Kari v. General Motors Corp.
79 Mich.App. 93, 261 N.W.2d 222 (1977).
Facts: Kari was fired from GM. Kari sued to get “separation pay” he thought that he had coming to him in accordance with the GM handbook he got when he was first employed. The handbook contained conspicuous disclaimers saying that it was not to be taken to constitute a contract between GM and its employees. The trial court entered summary judgment for the defendant, and the plaintiff appealed.
Issue: Did the separation pay section in the employee handbook constitute an offer of contract that Kari accepted by accepting employment with GM?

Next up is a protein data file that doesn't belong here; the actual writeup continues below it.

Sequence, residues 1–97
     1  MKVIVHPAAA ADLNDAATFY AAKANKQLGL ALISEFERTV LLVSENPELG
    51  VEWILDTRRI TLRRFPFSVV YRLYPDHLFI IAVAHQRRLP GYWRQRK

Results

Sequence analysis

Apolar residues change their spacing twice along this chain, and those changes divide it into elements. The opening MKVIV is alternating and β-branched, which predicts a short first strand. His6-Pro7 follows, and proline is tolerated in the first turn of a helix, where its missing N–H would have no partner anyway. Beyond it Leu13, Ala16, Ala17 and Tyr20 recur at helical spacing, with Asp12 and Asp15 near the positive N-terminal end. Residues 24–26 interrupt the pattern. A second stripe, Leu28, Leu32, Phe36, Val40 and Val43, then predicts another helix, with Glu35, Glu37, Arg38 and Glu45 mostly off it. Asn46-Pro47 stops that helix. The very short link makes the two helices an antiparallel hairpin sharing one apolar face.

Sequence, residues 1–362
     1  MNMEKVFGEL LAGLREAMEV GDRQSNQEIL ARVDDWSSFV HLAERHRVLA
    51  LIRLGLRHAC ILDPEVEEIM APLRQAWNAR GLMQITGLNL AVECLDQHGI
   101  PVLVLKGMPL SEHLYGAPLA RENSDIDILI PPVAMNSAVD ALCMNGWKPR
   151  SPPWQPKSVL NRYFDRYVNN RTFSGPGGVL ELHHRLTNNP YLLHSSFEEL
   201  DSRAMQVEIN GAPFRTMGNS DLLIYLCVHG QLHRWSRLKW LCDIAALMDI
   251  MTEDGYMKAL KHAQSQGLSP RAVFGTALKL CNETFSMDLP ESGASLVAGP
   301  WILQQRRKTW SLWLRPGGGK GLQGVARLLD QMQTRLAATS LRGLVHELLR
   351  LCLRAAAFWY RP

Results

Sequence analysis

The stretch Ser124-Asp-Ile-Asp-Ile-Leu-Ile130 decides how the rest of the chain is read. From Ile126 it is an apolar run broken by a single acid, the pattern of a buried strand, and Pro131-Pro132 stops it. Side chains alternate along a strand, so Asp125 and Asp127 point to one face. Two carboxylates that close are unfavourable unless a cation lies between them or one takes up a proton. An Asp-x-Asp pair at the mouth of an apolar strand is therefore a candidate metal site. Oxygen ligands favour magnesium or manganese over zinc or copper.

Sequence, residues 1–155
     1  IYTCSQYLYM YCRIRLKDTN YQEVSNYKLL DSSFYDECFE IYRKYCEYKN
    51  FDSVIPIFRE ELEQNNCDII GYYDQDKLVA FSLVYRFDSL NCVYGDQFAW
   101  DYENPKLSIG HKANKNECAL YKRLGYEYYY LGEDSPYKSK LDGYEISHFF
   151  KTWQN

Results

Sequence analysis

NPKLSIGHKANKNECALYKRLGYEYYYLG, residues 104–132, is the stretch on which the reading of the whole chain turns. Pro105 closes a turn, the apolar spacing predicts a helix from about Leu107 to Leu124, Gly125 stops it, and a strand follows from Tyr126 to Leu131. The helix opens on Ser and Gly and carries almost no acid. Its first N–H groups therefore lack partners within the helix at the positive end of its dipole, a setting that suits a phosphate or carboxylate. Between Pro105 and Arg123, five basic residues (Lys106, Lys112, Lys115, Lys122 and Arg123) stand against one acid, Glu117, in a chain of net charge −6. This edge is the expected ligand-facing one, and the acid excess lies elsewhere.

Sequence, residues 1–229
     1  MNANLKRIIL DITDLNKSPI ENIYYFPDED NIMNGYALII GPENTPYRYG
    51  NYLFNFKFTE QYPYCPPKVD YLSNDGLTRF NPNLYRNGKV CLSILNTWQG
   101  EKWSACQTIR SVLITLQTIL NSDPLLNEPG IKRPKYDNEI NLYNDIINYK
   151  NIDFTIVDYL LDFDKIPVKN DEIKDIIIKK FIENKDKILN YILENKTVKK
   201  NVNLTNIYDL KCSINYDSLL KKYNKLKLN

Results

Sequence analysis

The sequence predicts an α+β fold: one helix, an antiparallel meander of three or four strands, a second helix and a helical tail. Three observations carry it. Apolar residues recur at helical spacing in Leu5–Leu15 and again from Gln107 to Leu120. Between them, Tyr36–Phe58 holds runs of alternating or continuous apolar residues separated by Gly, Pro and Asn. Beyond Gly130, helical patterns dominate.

Rule: An employer’s communications to employees may constitute an offer to contract if that offer contains a promise communicated in a way such that the promisee can justly expect performance and can justly rely on the promise.
Analysis: The court says that since the handbook explicitly says that it’s not a contract and GM really couldn’t have done more to show that this is so, it’s not a contract.
Conclusion: The court upholds the summary judgment against the plaintiff.